County governments in the North Rift are targeting investments in mining, tourism and sports industries to expand their economic base and diversify their revenue streams in order to stop over-reliance on the traditional maize and dairy sub-sectors.
The counties have set their sights on high profile local and international investors, a move that was jointly mooted under the nascent North Rift Economic Bloc (Noreb).
One of the key aims of the bloc is to unlock investments in the region and enhance its status as the gateway to East and Central Africa.
Besides working together under Noreb, the counties have set individual priorities on economic and development projects.
Baringo Governor Stanley Kiptis said Noreb, comprising eight counties, is working with county assemblies to develop laws that will foster business in the region.
“We want to involve the private sector to come up with a secretariat that will make the North Rift, which is the gateway to East and Central Africa, a business hub,” said Mr Kiptis, who took over from Mr Benjamin Cheboi after the August 8 General Election.
The Baringo County government is particularly banking on mineral exploration and sport tourism. Mr Kiptis said that Tullow Plc, the company behind the discovery of oil deposits in Turkana County, would soon roll out oil exploration in Kerio Valley after an agreement with the county government.
“Tullow Oil has identified more than 7,000 km2 Block 12A at Kerio Valley belt, which runs across Elgeyo-Marakwet and Baringo counties, as a potential area for oil exploration,” said Mr Kiptis.
Other resources that the counties are seeking to tap include solar, diatomite, geothermal and hydro energy. The leaders said if the resources are well utilised, they could turn around the region’s economy.
The Kerio Valley Development Authority (KVDA) managing director David Kimosop said the agency, in conjunction with governors from arid counties, have already mapped out resources in the area and come up with a Regional Integrated Master Plan to guide exploitation of the same.
Elgeyo Marakwet Governor Alex Tolgos says tourism in the region holds huge potential.
“As an economic bloc, we are keen on revival and expansion of tourism, especially sports and sight-seeing, as alternative sources of revenue,” said Mr Alex Tolgos, the governor of Elgeyo Marakwet County.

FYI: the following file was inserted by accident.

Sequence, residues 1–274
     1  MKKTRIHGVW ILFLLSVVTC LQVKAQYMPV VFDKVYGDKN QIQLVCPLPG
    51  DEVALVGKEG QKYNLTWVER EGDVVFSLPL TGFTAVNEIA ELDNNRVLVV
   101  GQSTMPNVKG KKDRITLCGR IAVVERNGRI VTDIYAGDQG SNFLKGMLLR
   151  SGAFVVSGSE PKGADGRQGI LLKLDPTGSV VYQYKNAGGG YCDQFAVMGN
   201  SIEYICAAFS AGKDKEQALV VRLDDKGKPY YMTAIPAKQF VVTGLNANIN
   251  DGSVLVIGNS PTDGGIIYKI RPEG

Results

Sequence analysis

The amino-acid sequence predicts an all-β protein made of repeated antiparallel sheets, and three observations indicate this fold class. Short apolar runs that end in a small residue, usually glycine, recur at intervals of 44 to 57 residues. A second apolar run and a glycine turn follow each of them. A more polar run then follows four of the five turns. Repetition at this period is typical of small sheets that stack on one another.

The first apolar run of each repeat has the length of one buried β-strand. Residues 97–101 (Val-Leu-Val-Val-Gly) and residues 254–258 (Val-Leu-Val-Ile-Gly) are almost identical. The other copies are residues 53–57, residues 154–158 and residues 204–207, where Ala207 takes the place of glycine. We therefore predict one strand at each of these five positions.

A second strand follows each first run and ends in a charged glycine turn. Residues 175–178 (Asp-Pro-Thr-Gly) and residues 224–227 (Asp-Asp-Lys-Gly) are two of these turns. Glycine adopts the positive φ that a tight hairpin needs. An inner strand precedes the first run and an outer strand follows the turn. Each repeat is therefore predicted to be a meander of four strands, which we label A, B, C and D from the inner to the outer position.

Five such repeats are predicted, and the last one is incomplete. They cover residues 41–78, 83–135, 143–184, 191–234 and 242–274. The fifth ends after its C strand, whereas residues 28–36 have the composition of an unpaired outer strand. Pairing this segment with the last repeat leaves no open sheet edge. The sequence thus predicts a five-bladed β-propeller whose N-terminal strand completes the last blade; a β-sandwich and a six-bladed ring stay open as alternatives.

Other tourist attractions in the region include the white sands of Turkana, Rimoi National Reserve in Elgeyo Marakwet County, Sergoit Wildlife Reserve in Uasin Gishu, elephant caves of Mount Elgon (Bungoma County), and Lake Bogoria’s hot springs in Baringo County.
Noreb chairman Jackson Mandago, who is also the governor for Uasin Gishu, said the caucus is finalising on a framework to create a conducive business environment and is jointly working on multi-billion projects.
“We have achieved a lot under the economic bloc. We have controlled common livestock diseases such as foot and mouth by conducting joint vaccination. In the past, we had to close markets and sale-yards but this has not been the case recently,” Mr Mandago said. He added that for the region’s economy to be strong, it has to be underpinned by various vibrant sectors.
Uasin Gishu County boasts a potato chilling plant in Ainabkoi sub-county. The project is a partnership between the county government and investors from The Netherlands. The plant is meant to reduce post-harvest losses and offer value addition to farmers.
“This potato plant is the result of a Noreb investment conference. It will help create more employment opportunities for residents,” said Mr Mandago during the launch of the facility.
According to project manager Remko Kruithof from The Netherlands, the potato plant is one of its kind in Africa, considering that “it is maintenance-free and does not need electricity to operate”.
Trans Nzoia County has also benefited from a multi-million shilling processing plant to provide hybrid seeds to farmers and cut the costs of food production. The company, constructed on 65 acres of land, has begun processing seed varieties, with a one kilogramme bag of maize seeds going at Sh250 and a 10kg bag selling at Sh2,500.
The Sh300 million plant by African Seed Company at Kiminini was commissioned last year. It will cut market dominance by the government-owned Kenya Seed Company, which is also based in Trans-Nzoia, one of the country’s food baskets.
“The facility will enable us to generate seeds that will meet the region’s climatic conditions and offer resistance to pests and diseases,” said Mr Kassim Owino, managing director of Seed Co Kenya.
The seed research and processing company serves Western Kenya, eastern Uganda, South Sudan, Rwanda and Burundi.
Noreb counties are also set to benefit from Sh90 billion hydro and solar power projects under partnership with the Kenya Electricity Generating Company. The regional leaders say this will open up the area to diverse businesses and investments.